“I found I was really good at it, so I decided to franchise.” said Bower of pizza entrepreneurialism. “When I came here to visit, I liked the area. Lebanon was an area I wanted to be in. I went to school for architecture. I had zero interest in being a business owner. That’s the path I was supposed to go on. But I thank God it didn’t happen that way.”

“I don’t know if everyone can do it,” Bower added. “It takes some staying power, through the good and the bad. Someone has to be extremely motivated to do what they do. You’ve got to have a business plan and be willing to stick with it, and be willing to change.”

Certainly the Bowers’ success wasn’t immediate, and there have been ups and downs since. But they never wavered from the course, through belief in the process and themselves.

“I think our hands-on approach has been one of our keys,” said Bower. “I live here. I am a small business owner. We just have a big name behind us and good people behind us. You’re in the people business. Employees are the most challenging part of our job. Finding good people who have the same vision is difficult.”

“I love the idea that people are making a living because of us,” continued Bower. “I love that we provide an opportunity, a job, the hours. Being able to give back to the community is the most rewarding thing I’ve ever done. It makes you feel good. We love doing that stuff.”

The Bowers’ community involvement was simply the next logical step in the process. He is active in Lebanon’s attempt to bring more people and business downtown, and next year he’ll take the reins as the Community of Lebanon Association’s new president.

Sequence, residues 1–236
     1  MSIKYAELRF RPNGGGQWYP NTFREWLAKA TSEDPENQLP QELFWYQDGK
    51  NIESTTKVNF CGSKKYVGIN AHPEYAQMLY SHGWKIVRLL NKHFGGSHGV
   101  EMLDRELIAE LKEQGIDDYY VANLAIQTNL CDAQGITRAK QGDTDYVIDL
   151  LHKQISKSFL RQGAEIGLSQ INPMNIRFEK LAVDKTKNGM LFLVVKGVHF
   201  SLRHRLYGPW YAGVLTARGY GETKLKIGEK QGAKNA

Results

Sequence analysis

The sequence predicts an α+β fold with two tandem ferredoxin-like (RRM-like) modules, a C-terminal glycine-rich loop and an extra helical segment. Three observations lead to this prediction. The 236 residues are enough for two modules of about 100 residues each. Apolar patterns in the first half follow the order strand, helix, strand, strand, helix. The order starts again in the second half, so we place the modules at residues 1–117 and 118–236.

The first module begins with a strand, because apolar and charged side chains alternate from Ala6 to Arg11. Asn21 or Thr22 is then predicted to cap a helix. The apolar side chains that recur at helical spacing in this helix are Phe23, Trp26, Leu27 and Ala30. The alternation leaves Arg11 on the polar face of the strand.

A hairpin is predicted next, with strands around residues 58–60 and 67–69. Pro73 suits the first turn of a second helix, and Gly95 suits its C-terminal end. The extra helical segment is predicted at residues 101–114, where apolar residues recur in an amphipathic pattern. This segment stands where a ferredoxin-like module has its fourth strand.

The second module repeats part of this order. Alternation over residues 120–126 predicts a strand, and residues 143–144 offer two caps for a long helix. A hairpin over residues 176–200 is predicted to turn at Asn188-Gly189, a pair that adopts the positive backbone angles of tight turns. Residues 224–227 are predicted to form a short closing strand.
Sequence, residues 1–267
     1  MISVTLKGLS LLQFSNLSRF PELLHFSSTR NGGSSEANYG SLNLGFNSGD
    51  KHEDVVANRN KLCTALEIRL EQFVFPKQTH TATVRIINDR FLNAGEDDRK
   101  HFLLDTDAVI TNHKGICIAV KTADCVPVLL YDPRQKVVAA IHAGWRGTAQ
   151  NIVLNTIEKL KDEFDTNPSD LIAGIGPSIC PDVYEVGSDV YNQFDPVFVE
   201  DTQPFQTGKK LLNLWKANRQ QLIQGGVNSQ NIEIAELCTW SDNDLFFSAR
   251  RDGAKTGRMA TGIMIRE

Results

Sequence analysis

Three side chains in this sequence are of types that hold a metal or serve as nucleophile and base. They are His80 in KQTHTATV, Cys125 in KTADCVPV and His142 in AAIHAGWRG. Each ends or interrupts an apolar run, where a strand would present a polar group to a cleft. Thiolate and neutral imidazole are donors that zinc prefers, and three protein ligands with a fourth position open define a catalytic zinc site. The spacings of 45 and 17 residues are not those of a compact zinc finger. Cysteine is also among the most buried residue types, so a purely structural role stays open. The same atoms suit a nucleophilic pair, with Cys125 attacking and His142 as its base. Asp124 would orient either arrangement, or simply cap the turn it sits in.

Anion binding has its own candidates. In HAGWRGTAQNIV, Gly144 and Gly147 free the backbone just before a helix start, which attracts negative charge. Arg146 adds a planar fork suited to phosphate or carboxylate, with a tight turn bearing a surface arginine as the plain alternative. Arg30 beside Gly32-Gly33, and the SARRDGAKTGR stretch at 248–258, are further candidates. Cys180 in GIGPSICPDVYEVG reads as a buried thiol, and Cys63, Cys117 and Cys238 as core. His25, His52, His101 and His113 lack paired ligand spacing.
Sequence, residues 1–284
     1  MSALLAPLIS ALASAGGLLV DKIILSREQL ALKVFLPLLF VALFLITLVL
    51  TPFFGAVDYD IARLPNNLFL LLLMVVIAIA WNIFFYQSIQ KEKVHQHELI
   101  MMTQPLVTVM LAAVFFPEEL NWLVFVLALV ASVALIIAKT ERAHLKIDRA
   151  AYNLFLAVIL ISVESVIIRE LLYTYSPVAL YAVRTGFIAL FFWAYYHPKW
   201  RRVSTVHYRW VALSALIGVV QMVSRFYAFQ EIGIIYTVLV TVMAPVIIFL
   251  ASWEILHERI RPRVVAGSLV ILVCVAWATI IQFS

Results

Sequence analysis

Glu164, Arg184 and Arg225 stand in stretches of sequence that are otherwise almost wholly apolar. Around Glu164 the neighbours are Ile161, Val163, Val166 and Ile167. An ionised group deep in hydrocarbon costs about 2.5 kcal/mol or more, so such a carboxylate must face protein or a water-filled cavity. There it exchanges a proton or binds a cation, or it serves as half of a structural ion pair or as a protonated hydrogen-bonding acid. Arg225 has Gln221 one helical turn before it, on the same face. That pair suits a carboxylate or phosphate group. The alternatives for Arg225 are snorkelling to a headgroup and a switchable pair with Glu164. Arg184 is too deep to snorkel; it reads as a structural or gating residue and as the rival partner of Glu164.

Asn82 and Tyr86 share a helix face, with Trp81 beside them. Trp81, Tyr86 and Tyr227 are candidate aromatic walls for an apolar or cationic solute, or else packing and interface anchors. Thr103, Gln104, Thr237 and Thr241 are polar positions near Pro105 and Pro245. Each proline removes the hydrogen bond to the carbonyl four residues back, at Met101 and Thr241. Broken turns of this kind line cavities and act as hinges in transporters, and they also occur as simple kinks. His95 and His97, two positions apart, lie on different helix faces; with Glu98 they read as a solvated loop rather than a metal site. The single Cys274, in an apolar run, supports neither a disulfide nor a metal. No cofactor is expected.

Bower believes that the same principles that have made Domino’s Pizza successful can also be applied to the business district as a whole.

“If we go back to the 1950s’ business model where the downtown was the hub of the city, I’d love to get to that,” said Bower. “I think people are going outside their town to spend their money. But I’d love to see them spend it here. I think with Mayor (Sherry) Capello’s vision of downtown, she’s on the right track. There are a lot of people behind the scenes working to make things happen.”

“It can be an entertainment place, but we have to provide places for people to come to,” Bower continued. “What we’re looking for is getting the community more involved. We want to bring people downtown. We do struggle with it, but we want them to see the great things downtown has to offer.”

Bower’s vision for the future is clear, for both his own businesses and the prospects for downtown. Part of that vision includes change, and simply rolling with the punches.

“When we built the Myerstown store, we built it with this (Lebanon’s) model in mind,” said Bower. “We knew what works. We’ve got to get through our next two builds and see where we are. We’re very hand-on people. We’re in our stores a lot.

“I guess what I want people to know about me is that I’m an extremely fair guy, who has the best of intentions,” concluded Bower. “It may not have always worked out that way, but that’s where it started. Domino’s has given us the diving board to jump into the pond.”

And the water’s just fine.

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Jeff Falk is a seasoned journalist based in Lebanon, PA. He's a graduate of Cedar Crest High School, Penn State University, and a lifelong resident of Lebanon, born and raised. Currently, he is a feature writer for Engle Publishing in Lancaster, the editor of, sports director at WLBR...